Learning more - If you are a novice at selecting rats, always feel free to ask experienced breeders and off-duty judges. When going to shows, look at the bucks that have been placed high in their classes. There is a specific class for stud bucks which all adult bucks are eligible for, so try to have a look at the bucks that have been placed high in this class. If you wish to breed a specific variety, contact breeders who breed this variety and talk to them about how to go about breeding them yourself. You may find that some varieties are very popular or harder to breed and you may have to go on a waiting list to find the right rats.

Stud services - Many breeders will allow you to bring your doe to their rattery for stud. This can be useful for outcrossing or keeping your own numbers down, but ensure that you have agreed a 'fee' before the actual mating. Usually one or two kittens in exchange (ensure you agree who gets pick of the litter before the mating) or a small monetary fee or food/gift can be agreed. Although some breeders will agree to the buck visiting the doe, it is normal for the doe (and maybe a cage mate to keep her company for the nights she is not in season) to visit the home of the buck as bucks do not take so easily to moving house as does do.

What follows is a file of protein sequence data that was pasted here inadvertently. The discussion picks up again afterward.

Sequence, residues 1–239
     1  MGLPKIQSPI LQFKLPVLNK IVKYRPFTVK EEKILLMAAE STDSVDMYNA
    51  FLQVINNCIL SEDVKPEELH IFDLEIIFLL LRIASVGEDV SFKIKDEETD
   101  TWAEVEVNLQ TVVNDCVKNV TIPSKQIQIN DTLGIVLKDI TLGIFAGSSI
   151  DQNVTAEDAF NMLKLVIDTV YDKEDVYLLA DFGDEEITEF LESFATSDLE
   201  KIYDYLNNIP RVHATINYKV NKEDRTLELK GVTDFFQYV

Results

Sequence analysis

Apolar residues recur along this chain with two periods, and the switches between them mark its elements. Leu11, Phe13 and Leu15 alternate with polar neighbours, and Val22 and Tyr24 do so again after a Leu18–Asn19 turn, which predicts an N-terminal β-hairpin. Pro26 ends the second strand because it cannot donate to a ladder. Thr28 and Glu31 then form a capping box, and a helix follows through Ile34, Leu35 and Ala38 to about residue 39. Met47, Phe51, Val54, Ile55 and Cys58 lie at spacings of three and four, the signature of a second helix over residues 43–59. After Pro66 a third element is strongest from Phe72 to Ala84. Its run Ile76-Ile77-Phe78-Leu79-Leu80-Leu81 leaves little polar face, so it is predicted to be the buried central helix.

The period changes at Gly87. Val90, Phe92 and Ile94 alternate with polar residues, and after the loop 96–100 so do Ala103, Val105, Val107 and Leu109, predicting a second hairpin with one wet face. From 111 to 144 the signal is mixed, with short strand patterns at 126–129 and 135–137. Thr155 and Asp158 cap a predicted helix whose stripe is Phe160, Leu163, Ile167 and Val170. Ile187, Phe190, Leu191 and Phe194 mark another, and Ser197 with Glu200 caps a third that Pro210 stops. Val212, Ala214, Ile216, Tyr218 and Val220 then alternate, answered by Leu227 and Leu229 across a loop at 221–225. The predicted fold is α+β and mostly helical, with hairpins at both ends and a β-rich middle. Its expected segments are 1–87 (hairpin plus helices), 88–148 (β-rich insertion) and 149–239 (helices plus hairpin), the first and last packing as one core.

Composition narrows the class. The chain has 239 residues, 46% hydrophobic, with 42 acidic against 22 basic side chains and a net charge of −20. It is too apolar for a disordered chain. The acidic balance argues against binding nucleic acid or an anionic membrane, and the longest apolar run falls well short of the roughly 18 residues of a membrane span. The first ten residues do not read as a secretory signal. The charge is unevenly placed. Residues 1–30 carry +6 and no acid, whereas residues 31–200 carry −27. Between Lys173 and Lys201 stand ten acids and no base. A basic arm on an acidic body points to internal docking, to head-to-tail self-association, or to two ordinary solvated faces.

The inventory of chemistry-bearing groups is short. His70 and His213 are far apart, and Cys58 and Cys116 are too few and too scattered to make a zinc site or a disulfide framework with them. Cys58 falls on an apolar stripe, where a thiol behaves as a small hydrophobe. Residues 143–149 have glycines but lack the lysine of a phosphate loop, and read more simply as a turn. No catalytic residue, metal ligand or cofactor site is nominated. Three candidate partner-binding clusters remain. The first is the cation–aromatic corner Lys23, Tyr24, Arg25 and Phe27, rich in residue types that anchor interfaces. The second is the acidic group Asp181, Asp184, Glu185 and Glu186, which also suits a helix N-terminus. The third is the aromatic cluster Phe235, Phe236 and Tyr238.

Choosing your breeding doe

Valhalla Artemis - black eyed cream brood doe

Now you know how to select your stud buck, you need to look at selecting suitable does for him. Much of what has been said above about temperament, health and talking in length to breeders about the rest of the family is still very important.